A new study has found that South Asian Canadian communities living in the Greater Toronto Area (GTA) suffered disproportionately from COVID-19 in the first year of the pandemic.
The analysis, which received $1.5 million from the federal government, confirmed that the Peel region was Ontario’s COVID hotspot in the pandemic before April 2021, when vaccines began rolling out.
Some 23.6 percent of the province’s cases during the second wave of the pandemic were within Peel, despite the region only accounting for 10 percent of Ontario’s total population.
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Dr. Sonia Anand, principal investigator of the study from the Department of Medicine at McMaster University, says that for part of the research, people whose ancestry originated in the Indian subcontinent and live in GTA were recruited.
In a study of 916 such residents, screened between April 14 and July 28, 2021, for pre-vaccine COVID infections, about 24 percent had features in line with a person who had the virus circulating in their home. system.
“So this report provides a kind of quantitative data of what people believe to be true: that South Asians in the Peel region had a high rate of infection with COVID 19,” Anand told Global News.
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The probe, published in the Canadian Medical Association Journal (CMAJ) Openit also touches on the sociodemographic factors or social determinants of health that put certain ethnicities at higher risk of contracting COVID compared to the general population.
Anand says the data suggests there are “social disparities” in Peel because a large number of participants identify as essential workers, such as truck drivers and individuals working in plants, living in extended family households of lower socioeconomic status. low and annual family income.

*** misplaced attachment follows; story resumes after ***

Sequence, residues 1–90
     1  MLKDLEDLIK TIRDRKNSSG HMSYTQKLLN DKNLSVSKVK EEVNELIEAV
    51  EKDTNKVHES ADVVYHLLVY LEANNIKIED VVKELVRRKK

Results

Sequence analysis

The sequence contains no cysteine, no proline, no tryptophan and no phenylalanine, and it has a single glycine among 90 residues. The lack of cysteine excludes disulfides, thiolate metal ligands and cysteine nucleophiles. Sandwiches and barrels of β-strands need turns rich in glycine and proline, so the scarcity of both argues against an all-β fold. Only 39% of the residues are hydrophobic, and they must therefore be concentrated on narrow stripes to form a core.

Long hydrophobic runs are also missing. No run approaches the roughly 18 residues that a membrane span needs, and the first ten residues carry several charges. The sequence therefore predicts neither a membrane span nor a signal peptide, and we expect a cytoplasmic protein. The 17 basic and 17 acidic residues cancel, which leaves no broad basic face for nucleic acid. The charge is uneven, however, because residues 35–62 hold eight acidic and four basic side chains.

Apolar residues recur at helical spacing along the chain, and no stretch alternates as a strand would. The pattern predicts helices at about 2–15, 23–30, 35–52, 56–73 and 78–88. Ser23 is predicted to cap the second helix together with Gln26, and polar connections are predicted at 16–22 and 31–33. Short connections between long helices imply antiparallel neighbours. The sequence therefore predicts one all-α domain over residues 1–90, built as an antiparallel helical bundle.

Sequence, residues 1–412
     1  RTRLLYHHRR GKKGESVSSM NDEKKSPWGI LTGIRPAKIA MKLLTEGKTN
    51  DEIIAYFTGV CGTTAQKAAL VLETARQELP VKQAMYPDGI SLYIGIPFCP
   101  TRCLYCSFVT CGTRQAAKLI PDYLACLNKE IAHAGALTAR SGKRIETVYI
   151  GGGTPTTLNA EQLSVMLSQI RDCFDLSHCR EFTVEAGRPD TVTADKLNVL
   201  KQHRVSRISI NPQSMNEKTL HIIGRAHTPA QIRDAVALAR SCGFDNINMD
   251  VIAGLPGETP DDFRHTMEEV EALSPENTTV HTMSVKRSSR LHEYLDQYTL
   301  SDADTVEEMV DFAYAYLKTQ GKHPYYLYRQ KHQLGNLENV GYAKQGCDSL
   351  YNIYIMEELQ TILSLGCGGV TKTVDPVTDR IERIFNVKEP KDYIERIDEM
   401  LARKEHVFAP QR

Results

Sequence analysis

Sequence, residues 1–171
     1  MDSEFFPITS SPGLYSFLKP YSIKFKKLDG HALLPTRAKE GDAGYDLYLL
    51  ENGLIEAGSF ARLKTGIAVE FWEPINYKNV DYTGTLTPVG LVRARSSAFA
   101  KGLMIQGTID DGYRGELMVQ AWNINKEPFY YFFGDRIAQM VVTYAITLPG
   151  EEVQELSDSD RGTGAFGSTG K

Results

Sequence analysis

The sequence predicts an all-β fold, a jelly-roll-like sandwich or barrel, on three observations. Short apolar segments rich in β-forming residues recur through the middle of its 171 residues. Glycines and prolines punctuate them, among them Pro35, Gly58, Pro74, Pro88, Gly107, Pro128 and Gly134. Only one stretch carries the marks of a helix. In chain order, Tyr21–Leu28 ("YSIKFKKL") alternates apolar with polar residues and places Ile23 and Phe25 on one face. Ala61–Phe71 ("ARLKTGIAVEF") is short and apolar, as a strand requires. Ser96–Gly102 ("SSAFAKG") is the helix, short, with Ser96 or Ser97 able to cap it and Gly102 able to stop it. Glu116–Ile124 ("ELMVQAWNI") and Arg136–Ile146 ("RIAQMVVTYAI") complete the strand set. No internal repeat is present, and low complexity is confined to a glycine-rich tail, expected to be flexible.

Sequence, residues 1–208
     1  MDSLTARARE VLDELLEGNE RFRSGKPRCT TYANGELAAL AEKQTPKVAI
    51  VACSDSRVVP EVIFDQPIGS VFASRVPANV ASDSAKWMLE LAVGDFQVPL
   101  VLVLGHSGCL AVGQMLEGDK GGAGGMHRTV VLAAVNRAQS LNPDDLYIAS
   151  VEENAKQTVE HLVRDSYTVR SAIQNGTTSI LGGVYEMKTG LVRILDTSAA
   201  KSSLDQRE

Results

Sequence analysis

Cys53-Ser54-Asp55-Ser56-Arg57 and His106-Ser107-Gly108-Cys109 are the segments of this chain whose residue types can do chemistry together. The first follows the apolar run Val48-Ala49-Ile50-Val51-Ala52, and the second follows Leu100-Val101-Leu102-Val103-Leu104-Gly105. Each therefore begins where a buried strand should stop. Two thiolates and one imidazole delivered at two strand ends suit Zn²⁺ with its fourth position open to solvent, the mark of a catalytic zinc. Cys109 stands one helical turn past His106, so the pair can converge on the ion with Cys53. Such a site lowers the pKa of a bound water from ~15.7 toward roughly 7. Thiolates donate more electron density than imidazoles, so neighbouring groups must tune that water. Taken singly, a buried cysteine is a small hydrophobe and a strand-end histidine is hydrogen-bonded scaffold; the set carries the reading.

Seropositivity, the presence of an immunological marker in a blood test, was higher for male participants who were rated as the least educated test subjects and who resided in the city of Brampton.
“It really seems to reflect that people who have to do essential work (are exposed to) a higher chance of infection or live in larger family homes,” Anand said.
“We also looked at some of the reasons behind that: maybe they can’t take days off from work or in the Peel region there were difficulties in accessing testing from the start.”
The study results are expected to be used in future waves of COVID, such as the seventh expected in the fall by Hamilton Public Health, prioritizing health care resources for at-risk communities.
Dr. Catherine Hankins, co-chair of Canada’s COVID-19 Immunity Task Force (CITF), says the research was funded to get a “clearer picture” of the factors underpinning the vulnerability of the South Asian community. .
“Understanding the factors that made any community or region a COVID-19 hotspot will not only help us manage future pandemics, but the insights can also inform Canada’s continued efforts to achieve more equitable health outcomes across the country. the population,” Hawkins said. in a sentence.
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Future segments of the study are expected to survey populations to determine the impact of prolonged COVID on similar survey subjects.
Overall, Anand insists the study “summarizes the point” that inequities in terms of access to health care exist across Ontario.
“I hope that our data adds to the facts showing that the Peel region and South Asian populations represent a high-risk community for future waves and… will be prioritized by the provincial government as a community in need of more care resources. medical,” Anand said. .
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